Spruce tree disease symptoms are associated with fungal pathogens and are progressing through time
What’s causing the stress that’s allowing the pathogens Phomopsis and Diplodia to attack and kill branches on spruce trees in Michigan?
July 29, 2011 - Author: Dennis W. Fulbright, Mursel Catal, Sara Stadt and Jill O'Donnell, Michigan State University Extension, Department of Plant Pathology
We have been receiving more contacts from people noticing the spruce decline around the state. Two weeks ago we first reported on a severe decline of spruce trees throughout Michigan (see Spruce problems are probably caused by more than a single agent). Last week we reported that the malady appears to consist of two previously known diseases of spruce, that is, a branch death and needlecasting (see Spruce tree problem shows symptoms of both needlecast and branch death). It was not immediately apparent what was causing these symptoms.
This week in our laboratory we determined that two different pathogens, Phomopsis and Sphaeropsis (better known as Diplodia) can be found on the dead and dying branches of these trees. A third fungus has also been isolated from the branches, but identification will take at least another week.
Both Phomopsis and Diplodia are known as pathogens of various species of conifer trees and they can kill branches. However, they are typically thought of as stress pathogens, that is, they infect trees undergoing some severe level of stress. What could be uniformly stressing these trees across the Lower Peninsula such that so many spruce trees are afflicted with the stress pathogens? How would you stop this branch death? Would you try to find and reduce the stress or use fungicide applications across the state to control the problem? The former option would be the best for the wallet and environment, but can we find the stress? Another option is that these pathogens have changed or mutated and have become more aggressive. It would be difficult to imagine what could have changed two common pathogens at the same time to become more aggressive on the same trees; that is not a probable option at this point.
Another possibility is the stressor being another disease-causing pathogen, such as the traditional needlecasting pathogen Rhizosphaera or the newly introduced fungus that grows on the needles called Stigmina or an attack by both. A conifer that is losing its needles loses the ability to photosynthesize sugars used for the health of the tree. It is well known that diseases that cause needles to cast or drop off can ultimately lead to the death of trees. So, it is plausible that the death of the branches and trees can occur via continuous re-infection by needle-loving pathogens. Is this needlecast the stress that is allowing the pathogens Phomopsis and Diplodia to attack and kill branches on the spruce trees in Michigan?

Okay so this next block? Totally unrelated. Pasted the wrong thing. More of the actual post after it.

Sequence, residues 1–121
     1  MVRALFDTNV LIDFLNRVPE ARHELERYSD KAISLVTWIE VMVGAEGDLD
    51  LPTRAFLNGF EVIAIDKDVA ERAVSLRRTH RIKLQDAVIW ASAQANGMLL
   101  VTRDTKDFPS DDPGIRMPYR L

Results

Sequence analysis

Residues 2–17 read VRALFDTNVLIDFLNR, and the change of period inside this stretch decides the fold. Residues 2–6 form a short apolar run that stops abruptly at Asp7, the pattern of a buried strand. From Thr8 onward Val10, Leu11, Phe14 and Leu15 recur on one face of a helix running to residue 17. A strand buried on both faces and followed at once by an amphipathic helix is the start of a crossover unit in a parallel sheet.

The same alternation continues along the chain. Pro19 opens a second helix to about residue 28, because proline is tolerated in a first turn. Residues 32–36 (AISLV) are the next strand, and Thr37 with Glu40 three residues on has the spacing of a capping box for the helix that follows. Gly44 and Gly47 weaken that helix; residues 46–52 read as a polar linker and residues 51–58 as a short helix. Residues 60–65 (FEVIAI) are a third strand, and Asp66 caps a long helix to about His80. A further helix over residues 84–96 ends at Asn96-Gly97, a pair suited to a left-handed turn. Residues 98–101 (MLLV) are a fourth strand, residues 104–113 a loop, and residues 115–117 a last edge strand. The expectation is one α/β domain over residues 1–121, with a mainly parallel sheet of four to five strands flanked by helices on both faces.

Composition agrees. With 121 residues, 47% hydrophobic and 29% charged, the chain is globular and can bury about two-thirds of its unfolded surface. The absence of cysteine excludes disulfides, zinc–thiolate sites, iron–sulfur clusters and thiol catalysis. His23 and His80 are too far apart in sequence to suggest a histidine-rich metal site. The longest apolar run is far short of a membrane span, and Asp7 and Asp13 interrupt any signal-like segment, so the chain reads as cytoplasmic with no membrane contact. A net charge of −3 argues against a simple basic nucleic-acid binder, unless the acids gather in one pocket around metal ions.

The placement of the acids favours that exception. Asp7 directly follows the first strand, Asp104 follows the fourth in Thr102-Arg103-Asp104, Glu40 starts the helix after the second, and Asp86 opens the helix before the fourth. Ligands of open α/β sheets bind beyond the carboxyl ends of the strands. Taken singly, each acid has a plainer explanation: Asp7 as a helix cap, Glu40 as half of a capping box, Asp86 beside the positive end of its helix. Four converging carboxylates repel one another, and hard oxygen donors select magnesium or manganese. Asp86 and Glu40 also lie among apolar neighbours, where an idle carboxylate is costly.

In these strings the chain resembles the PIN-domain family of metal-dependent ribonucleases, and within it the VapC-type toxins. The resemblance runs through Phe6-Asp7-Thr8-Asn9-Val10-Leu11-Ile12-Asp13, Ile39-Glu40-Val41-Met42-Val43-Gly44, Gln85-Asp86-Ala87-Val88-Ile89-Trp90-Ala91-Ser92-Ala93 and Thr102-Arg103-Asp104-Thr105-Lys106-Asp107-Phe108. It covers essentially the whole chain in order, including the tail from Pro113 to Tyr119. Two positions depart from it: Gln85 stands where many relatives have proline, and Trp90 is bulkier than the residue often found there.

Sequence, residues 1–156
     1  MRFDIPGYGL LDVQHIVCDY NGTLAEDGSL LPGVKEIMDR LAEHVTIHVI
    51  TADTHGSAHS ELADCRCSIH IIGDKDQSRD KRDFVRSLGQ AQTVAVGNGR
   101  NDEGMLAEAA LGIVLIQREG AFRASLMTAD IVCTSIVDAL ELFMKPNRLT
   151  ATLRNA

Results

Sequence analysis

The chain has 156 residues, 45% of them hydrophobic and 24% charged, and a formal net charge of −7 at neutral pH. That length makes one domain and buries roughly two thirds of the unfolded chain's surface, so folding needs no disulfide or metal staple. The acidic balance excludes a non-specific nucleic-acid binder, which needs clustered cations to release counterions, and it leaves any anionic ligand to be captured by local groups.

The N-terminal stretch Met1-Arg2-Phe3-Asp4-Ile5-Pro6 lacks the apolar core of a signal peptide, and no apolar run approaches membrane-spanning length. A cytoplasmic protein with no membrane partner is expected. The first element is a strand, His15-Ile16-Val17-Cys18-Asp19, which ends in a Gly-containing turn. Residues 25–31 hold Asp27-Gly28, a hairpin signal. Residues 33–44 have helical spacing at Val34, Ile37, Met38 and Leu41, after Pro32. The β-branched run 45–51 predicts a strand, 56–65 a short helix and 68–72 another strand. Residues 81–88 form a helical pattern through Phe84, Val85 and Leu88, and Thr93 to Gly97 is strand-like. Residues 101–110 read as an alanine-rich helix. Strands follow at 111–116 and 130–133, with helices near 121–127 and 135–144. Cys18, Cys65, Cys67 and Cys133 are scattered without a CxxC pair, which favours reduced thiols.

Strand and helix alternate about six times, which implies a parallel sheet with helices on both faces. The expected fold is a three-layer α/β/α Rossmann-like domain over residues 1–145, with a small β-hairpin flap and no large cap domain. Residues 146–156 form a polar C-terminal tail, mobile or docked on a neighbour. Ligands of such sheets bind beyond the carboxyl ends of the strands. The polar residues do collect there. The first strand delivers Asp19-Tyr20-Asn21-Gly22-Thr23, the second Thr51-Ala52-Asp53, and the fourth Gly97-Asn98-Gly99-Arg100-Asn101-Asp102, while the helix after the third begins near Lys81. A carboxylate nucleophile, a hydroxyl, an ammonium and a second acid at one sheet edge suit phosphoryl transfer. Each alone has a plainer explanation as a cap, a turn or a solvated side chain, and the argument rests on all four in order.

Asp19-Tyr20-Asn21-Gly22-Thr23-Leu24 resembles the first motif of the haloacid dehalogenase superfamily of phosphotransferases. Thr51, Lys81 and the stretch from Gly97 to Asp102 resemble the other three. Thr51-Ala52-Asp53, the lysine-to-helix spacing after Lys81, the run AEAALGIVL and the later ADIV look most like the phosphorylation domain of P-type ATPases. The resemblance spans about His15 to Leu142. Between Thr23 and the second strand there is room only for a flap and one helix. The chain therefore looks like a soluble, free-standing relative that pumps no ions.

We have provided here some photos of the same tree at two different times. In Photos 1 and 2, you can see a Colorado blue spruce from its east and west aspects in July 2009. From a distance, the tree looks healthy with vigorous growth. But upon closer inspection (Photo 3), there are sections of needlecast and branch death around the base of the tree that are beginning to become noticeable, hence the reason the photos were taken in 2009. In Photos 4 and 5, you can see the same tree, two years later, from the same aspects showing more branch death. A close up view (Photo 6) shows discolored needles, branches devoid of previous years’ needles (needlecasting), and dead branches. The progression is occurring rapidly and the tree has lost its aesthetic value in the landscape.
- Spruce problems are probably caused by more than a single agent, Dennis W. Fulbright, Mursel Catal, Sara Stadt and Jill O'Donnell, Michigan State University Extension, Department of Plant Pathology
- Spruce tree problem shows symptoms of both needlecast and branch death, Dennis W. Fulbright, Mursel Catal, Sara Stadt and Jill O'Donnell, Michigan State University Extension, Department of Plant Pathology
- Two more spruce problems that are not herbicide related, Bert Cregg, MSU Departments of Horticulture and Forestry
Dr. Fulbright's work is funded in part by MSU's AgBioResearch.